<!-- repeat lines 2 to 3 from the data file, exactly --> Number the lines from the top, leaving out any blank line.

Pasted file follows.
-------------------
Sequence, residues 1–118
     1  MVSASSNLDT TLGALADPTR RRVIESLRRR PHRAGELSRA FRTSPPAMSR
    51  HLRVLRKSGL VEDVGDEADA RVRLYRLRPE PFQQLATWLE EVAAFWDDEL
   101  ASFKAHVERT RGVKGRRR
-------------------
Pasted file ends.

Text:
     1  MVSASSNLDT TLGALADPTR RRVIESLRRR PHRAGELSRA FRTSPPAMSR
    51  HLRVLRKSGL VEDVGDEADA RVRLYRLRPE PFQQLATWLE EVAAFWDDEL